The Slatest

Ban Ki-moon in Final General Assembly Speech: The World Is a Terrible Place

Ban Ki-moon, secretary-general of the United Nations, addresses the 71st U.N. General Assembly on Tuesday in New York City.

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In his final address to the U.N. General Assembly, the normally taciturn U.N. Secretary-General Ban Ki-moon said that he felt “deep concern” as he prepares to leave office before launching into a litany of world leaders’ recent failures:

Gulfs of mistrust divide citizens from their leaders. Extremists push people into camps of “us” and “them.” The Earth assails us with rising seas, record heat and extreme storms. And danger defines the days of many.

Ban stated that recent achievements in economic development and public health are vulnerable to “grave security threats”:


Armed conflicts have grown more protracted and complex. Governance failures have pushed societies past the brink. Radicalization has threatened social cohesion—precisely the response that violent extremists seek and welcome.

This is not where he then pivoted with a but! to things more hopeful. Instead, Ban went on to detail the consequences of these trends in Yemen, Libya, Iraq, Afghanistan, the Sahel region, Ukraine, South Sudan, and North Korea. Still, he saved most of his frustration for Syria, pointing to this week’s bombing of a U.N. aid convoy and saying “just when we think it cannot get any worse, the bar of depravity sinks lower.”


He noted:

Present in this hall today are representatives of governments that have ignored facilitated, funded, participated in or even planned and carried out atrocities inflicted by all sides of the Syria conflict against Syrian civilians.


He also shouted out both Israeli and Palestinian leaders, calling the current state of affairs “madness” and arguing that abandoning the two-state solution “would spell doom” for both peoples.

Perhaps with a certain American candidate in mind, Ban warned “political leaders and candidates” against demonizing Muslim refugees. “Do not engage in the cynical and dangerous political math that says you add votes by dividing people and multiplying fear,” he said.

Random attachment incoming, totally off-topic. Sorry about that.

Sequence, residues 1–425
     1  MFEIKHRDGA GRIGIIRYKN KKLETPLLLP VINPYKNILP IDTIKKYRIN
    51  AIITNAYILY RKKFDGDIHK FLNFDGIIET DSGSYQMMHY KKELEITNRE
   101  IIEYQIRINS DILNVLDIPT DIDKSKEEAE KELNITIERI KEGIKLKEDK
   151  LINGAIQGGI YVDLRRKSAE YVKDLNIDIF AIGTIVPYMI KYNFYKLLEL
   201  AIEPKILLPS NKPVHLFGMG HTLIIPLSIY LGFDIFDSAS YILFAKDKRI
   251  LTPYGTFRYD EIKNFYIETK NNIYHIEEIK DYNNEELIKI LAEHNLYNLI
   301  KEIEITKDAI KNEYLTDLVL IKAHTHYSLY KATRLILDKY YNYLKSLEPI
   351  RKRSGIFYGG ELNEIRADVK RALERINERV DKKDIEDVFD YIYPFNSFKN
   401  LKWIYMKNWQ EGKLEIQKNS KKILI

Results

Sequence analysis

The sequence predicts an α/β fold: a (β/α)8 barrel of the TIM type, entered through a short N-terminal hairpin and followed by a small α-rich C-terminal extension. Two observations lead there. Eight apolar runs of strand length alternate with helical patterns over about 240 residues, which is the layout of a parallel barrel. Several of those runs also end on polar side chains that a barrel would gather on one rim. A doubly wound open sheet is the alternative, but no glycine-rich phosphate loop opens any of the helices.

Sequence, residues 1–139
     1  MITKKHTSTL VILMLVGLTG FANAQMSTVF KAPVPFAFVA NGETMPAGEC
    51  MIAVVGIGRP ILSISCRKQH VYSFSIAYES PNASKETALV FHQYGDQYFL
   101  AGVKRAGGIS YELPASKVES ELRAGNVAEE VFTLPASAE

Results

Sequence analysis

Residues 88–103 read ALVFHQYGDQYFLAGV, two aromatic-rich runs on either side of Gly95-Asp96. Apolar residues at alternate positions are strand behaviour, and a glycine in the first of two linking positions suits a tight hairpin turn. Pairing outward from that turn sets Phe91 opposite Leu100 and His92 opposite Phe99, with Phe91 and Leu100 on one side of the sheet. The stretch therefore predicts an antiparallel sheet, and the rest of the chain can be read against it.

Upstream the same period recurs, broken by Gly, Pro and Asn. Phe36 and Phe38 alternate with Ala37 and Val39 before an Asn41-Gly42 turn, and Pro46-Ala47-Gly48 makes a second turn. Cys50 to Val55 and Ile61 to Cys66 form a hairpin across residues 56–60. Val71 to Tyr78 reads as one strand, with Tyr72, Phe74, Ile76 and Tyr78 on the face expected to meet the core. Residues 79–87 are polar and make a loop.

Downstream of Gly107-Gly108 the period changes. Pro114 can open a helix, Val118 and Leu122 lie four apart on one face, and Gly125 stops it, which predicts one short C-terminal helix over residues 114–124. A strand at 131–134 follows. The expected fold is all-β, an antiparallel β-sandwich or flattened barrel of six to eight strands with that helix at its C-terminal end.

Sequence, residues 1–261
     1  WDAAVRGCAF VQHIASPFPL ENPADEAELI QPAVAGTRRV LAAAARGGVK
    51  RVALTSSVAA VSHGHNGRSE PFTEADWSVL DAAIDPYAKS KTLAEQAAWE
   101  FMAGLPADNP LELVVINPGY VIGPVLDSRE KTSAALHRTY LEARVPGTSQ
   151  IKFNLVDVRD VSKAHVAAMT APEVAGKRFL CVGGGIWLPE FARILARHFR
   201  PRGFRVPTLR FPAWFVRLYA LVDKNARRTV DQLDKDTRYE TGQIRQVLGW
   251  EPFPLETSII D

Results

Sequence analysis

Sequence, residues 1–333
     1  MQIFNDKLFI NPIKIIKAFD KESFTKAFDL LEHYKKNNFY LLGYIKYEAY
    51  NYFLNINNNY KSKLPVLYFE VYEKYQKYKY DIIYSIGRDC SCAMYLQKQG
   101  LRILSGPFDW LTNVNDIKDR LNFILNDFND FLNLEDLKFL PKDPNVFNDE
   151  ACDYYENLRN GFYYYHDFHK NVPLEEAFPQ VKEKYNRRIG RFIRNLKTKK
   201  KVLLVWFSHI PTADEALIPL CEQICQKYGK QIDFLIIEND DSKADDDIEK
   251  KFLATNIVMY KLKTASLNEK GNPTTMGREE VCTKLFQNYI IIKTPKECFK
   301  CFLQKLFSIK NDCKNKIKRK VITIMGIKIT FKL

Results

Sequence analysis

This is pretty strong stuff from Ban, whose style has generally be nonconfrontational, sometimes to a fault. The South Korean diplomat will step down at the end of this year, and an election for his replacement is currently ongoing. While he will have some notable achievements to point to during his tenure—some of which he touched on in the second half of his speech, including the Paris Agreement on climate change and the adoption of new “Sustainable Development Goals”—he may be better remembered for having presided over the U.N. during some dismal scandals. There was the introduction of a devastating cholera epidemic to Haiti by U.N. peacekeepers, and a yearslong failure to address evidence of sexual abuse by peacekeepers in several conflict areas. Ban will also likely be remembered for the U.N.’s failure to meet the (admittedly unprecedented) challenge of a record population of refugees and displaced people.

The speech also touched on a less specific and a completely unprovable sense that in the closing years of his tenure, the mostly peaceful and prosperous world order in place since the end of the Cold War has started to unravel, threatening a return to the kind of violence and geopolitical rivalries more common in the last century.

On Tuesday, Ban sounded like a man very frustrated at the leaders he’s had to work with, and even more so about the legacy he’s leaving.